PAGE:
- Associated Press - Saturday, June 13, 2015

HICKORY, N.C. (AP) - With shoulder surgery, it’s easy to imagine the pain, the lingering soreness of the surgeon’s knife. Everyone expects that.

What no one warned Sue Beaver about was the cold. The way her shoulder, no matter what she did, just wouldn’t get warm. Especially when even a heavy sweater was liable to add to the lingering pain.

But a small, hand-crafted throw-quilt she could drape across her shoulders did just the trick. Light enough to avoid the pain, warm enough to keep the cold away, she had found a perfect gift. Ruth Owens, friends of Bob and Sue Beaver for decades, said that had quite the effect on both of them.

“I think that probably was the one thing that she felt like that God had given them a blessing and she wanted to return it to others,” Owens said.

Since that surgery and in about two years’ time, Sue and Bob have transformed their basement into a sewing shop worthy of a Dickens tale.

“We’ve made about 480 (quilts and blankets) from January this year to March,” Sue Beaver said proudly.

Bob Beaver is wheel-chair bound and spends his time churning out the top-cover portion of the quilts, adding decorations and colorful patterns.

“I spend most every bit of my time down here. She gives me about a half-hour for lunch,” he said with a smile.

What could drive a retired insurance agent and retired postal carrier to make six quilts, blankets and more to give away to those in need? The knowledge that their gifts are just being passed through.

“These aren’t gifts from us,” Sue Beaver said. “These are gifts from God that we want people to have. Whenever they hold that quilt, we tell them that’s God speaking to them. That’s what we want people to understand.”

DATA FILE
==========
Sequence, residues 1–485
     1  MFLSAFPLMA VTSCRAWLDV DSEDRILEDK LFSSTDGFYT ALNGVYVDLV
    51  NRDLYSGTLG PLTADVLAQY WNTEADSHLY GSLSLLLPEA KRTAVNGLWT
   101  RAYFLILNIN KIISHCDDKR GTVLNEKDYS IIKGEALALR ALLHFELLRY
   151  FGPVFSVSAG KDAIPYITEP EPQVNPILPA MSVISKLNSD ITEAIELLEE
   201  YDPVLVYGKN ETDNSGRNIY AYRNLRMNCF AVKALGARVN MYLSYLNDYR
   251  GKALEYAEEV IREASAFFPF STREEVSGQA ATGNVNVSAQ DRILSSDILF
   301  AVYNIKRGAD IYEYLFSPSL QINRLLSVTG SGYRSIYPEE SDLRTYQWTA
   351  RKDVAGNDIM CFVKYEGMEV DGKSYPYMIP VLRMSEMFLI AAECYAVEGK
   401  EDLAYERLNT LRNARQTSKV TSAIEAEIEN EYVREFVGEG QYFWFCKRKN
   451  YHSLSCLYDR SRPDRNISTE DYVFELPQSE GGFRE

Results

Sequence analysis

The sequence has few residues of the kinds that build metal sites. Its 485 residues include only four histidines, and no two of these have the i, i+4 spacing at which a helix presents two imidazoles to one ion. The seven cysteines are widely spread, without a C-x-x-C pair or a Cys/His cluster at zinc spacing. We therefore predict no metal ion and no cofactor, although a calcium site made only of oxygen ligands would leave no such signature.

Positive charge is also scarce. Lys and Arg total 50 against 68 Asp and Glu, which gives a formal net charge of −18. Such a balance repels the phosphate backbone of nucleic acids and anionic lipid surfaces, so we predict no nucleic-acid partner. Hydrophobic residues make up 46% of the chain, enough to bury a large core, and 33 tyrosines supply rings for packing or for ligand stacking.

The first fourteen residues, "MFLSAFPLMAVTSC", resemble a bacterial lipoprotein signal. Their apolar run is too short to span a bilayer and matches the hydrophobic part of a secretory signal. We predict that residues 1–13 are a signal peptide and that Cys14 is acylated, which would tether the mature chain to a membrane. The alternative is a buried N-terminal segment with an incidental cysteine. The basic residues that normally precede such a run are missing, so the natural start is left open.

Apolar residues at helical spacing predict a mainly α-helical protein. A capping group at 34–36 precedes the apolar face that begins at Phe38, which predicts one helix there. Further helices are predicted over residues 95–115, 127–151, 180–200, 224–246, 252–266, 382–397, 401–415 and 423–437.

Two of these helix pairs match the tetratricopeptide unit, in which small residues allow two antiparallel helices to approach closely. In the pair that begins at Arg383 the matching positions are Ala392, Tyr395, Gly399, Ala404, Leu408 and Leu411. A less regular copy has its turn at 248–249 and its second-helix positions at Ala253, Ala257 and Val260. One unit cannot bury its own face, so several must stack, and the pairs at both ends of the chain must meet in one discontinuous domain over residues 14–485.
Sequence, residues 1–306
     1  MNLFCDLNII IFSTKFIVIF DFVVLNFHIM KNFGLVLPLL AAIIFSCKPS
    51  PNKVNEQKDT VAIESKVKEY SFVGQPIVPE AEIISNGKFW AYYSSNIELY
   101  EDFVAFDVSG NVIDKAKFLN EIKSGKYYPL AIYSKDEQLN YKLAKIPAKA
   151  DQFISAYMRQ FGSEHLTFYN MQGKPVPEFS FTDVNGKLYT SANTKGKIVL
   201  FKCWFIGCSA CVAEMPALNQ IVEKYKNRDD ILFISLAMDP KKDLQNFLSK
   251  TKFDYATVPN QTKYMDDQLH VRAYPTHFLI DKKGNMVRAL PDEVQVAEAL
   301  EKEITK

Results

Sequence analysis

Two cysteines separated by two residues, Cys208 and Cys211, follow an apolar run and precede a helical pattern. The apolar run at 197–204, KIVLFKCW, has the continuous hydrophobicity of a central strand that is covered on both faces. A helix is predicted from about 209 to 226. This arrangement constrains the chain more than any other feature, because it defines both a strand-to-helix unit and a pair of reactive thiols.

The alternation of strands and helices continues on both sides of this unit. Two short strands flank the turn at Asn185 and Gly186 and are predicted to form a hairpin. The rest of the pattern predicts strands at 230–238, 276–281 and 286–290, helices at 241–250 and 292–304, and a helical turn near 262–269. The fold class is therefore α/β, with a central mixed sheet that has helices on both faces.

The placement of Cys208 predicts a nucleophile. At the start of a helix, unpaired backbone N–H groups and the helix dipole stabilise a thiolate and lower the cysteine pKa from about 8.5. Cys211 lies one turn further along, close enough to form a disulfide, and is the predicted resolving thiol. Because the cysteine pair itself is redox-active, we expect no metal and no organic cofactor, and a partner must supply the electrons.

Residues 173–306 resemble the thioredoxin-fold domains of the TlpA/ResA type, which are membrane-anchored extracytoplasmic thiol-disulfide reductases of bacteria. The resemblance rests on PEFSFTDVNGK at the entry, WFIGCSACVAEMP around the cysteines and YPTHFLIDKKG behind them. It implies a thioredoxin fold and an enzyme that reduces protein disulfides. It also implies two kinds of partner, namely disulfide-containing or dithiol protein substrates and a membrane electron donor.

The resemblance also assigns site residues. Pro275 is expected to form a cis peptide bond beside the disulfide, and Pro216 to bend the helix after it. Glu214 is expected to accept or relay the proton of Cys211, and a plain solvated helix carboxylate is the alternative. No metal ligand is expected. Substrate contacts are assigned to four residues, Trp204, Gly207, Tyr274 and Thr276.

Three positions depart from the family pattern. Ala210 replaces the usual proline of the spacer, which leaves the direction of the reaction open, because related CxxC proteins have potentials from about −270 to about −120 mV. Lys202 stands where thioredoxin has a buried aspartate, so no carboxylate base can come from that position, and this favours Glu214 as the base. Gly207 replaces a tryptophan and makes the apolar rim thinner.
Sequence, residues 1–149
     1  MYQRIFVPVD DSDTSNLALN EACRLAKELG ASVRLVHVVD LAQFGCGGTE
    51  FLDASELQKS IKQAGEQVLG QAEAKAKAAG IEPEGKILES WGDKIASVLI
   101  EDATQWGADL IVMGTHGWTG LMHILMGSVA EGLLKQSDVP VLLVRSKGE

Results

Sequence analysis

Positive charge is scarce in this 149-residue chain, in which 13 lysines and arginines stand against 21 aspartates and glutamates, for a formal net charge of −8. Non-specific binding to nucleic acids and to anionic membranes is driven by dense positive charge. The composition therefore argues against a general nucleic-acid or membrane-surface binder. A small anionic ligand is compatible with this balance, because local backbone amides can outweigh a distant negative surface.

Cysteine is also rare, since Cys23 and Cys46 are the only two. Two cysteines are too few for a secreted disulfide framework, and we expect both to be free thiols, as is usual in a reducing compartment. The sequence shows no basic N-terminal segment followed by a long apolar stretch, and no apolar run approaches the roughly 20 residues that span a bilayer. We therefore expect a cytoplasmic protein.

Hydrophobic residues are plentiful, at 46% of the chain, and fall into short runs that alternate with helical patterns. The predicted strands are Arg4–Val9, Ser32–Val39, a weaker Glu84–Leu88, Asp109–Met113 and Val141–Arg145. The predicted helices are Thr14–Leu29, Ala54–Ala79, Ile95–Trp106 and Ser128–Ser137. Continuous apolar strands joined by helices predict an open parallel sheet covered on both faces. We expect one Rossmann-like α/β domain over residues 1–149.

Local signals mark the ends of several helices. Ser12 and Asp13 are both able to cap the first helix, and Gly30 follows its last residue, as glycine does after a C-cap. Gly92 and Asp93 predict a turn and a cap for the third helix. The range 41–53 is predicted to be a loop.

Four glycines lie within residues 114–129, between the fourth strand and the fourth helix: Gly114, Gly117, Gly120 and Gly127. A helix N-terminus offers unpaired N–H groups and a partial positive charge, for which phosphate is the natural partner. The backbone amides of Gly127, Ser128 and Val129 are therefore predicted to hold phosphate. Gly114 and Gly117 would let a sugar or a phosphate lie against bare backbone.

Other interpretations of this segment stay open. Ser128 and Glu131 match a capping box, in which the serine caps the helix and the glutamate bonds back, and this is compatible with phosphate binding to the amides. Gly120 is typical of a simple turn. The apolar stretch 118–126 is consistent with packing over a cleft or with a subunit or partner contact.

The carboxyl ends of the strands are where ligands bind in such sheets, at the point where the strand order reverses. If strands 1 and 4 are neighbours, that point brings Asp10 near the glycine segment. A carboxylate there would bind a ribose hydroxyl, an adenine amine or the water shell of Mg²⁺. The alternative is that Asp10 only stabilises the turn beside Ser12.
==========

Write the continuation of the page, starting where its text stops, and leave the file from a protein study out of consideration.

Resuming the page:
Among their many drop-off points, Sue and Bob Beaver deliver the quilts themselves to homeless shelters. They’re gearing up for a September marathon of blanket-making for the homeless.

“We just want to get them something heavy and warm before winter hits,” Sue Beaver said.

Seeing the reaction on their recipients’ faces is often all the reward they need. But they often get much more.

“Our blessings have multiplied,” Sue Beaver said. “The more we give others the more we get in return. People have donated string, cloth, fleece, pretty much everything we need to keep making more.”

From one blessing - that first quilt from after Sue Beaver’s shoulder surgery - the Catawba Valley and beyond have received many more.

___

Information from: The Hickory Daily Record, https://www.hickoryrecord.com


Copyright © 2018 The Washington Times, LLC.

The Washington Times Comment Policy

The Washington Times welcomes your comments on Spot.im, our third-party provider. Please read our Comment Policy before commenting.

 

Click to Read More and View Comments

Click to Hide